Double Decker Benchwork: Emporia Subdivision of the Santa Fe

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Duration: 8:37

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One of the questions Stephen Priest most frequently receives when people visit his HO scale Emporia Subdivision of the Santa Fe model railroad is how he supported his railroad and hung the benchwork from his walls. The reason he did this was to be able to have a railroad he could remove from his house for resale value. He has a representation of a two by four studded basement on which he cantilevered two layers of upper and lower level out from the two by four wall. Some gusset or diagonal bracings were added to keep the levels from sagging.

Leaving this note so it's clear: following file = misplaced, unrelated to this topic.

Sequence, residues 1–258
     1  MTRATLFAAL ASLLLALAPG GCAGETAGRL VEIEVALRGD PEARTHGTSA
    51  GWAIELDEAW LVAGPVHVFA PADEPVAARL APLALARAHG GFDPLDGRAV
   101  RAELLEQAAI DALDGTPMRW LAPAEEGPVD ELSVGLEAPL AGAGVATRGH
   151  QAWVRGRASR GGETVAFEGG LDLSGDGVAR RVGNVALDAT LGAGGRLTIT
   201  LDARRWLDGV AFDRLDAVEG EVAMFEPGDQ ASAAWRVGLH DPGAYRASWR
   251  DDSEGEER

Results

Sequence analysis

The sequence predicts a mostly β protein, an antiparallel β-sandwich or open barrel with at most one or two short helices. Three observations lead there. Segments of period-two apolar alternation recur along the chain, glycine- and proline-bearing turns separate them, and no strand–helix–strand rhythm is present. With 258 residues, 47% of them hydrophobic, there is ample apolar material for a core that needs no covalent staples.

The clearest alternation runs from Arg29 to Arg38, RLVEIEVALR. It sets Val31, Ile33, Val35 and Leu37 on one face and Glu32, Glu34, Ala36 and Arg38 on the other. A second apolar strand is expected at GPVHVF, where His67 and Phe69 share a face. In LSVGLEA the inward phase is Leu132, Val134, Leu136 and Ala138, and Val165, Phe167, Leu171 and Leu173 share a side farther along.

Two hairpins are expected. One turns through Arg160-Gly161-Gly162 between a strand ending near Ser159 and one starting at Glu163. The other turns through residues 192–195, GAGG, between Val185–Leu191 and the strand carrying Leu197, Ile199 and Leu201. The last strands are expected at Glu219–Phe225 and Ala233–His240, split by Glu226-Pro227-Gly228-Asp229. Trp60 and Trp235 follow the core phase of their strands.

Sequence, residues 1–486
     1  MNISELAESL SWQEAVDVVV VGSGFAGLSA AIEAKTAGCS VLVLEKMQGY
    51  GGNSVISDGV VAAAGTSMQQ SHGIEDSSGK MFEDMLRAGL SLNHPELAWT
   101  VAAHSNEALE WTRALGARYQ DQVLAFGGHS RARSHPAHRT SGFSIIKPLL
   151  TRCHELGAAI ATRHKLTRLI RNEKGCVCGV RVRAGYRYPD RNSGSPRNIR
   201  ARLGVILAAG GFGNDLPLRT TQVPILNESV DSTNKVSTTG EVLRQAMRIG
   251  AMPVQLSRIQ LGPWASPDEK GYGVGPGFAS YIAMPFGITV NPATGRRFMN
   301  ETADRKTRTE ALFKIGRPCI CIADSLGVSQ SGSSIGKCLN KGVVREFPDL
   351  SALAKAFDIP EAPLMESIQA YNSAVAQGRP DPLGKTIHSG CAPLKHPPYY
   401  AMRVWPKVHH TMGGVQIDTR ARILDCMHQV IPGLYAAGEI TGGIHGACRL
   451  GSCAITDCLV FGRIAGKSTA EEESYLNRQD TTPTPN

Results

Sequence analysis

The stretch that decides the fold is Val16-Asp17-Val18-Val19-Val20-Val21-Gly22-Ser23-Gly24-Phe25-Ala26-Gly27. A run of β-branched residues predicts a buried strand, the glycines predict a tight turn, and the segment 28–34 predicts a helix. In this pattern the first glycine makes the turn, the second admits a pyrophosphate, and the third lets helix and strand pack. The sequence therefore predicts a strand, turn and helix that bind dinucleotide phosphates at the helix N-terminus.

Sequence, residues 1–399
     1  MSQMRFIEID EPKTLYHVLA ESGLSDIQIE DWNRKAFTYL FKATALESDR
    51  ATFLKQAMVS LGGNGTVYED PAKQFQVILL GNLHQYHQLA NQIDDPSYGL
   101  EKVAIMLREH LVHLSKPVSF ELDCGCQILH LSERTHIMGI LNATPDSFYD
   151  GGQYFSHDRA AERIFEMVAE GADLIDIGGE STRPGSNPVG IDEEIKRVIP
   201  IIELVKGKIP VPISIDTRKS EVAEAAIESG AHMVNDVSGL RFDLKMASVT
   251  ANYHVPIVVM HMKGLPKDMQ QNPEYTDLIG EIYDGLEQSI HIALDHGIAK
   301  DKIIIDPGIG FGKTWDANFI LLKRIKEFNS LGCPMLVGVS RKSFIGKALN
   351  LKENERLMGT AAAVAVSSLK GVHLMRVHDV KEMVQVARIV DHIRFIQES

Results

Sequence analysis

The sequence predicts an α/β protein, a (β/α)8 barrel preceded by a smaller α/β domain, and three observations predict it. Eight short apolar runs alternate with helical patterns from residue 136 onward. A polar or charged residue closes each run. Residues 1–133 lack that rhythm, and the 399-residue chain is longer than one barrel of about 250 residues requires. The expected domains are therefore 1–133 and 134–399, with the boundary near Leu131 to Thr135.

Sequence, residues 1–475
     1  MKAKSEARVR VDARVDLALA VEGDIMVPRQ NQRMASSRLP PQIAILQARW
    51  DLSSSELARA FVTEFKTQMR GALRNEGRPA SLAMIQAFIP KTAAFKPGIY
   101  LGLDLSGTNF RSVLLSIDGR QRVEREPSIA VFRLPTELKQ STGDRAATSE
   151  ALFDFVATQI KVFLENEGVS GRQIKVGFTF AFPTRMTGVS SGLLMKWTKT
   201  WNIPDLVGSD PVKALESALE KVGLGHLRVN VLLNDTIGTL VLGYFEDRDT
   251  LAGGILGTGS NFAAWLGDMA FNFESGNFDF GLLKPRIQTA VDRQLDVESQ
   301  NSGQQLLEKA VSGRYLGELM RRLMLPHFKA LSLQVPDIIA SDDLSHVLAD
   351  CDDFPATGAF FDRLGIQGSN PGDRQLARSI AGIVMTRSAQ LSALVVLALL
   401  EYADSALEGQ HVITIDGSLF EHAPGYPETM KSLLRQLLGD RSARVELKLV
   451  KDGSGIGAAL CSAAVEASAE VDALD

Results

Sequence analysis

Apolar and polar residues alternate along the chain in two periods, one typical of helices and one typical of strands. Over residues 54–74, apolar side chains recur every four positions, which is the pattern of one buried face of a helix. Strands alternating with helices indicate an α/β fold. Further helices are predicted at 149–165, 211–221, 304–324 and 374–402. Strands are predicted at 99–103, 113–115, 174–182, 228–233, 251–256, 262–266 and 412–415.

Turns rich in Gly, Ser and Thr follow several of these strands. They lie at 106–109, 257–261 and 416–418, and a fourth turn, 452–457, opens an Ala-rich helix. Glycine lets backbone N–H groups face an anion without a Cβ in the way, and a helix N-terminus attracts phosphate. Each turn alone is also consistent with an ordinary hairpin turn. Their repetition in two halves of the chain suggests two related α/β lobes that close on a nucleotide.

The railroad is then built on top of these structures, and when it is time to move, the whole thing is removable and goes with him to his next residence. To keep the upper level from moving or sagging during construction, he can support it with gussets in two ways. The gussets create a stabilizing triangle which can be added beneath, or added down from above. The gusset above can then be hidden with scenery. The trackwork can then be lifted up from the structure with a riser in various heights.

With two separate levels, Stephen can have two different sky backdrops. He used 8th inch masonite in four different locations, the sky on the upper level, the facia for the upper level, the sky for the lower level, and lastly the facia for the bottom of the railroad. When most of the benchwork and wiring is done on the railroad, one can mount the lower facia. Part of the benchwork design must include locations to mount the facia. It can either be mounted lower and scenery built up to the railroad, or mounted higher and then cut to match the profile of the scenery. Stephen goes on to demonstrate this process.

For more Allen Keller videos, visit the Model Railroad Academy archives.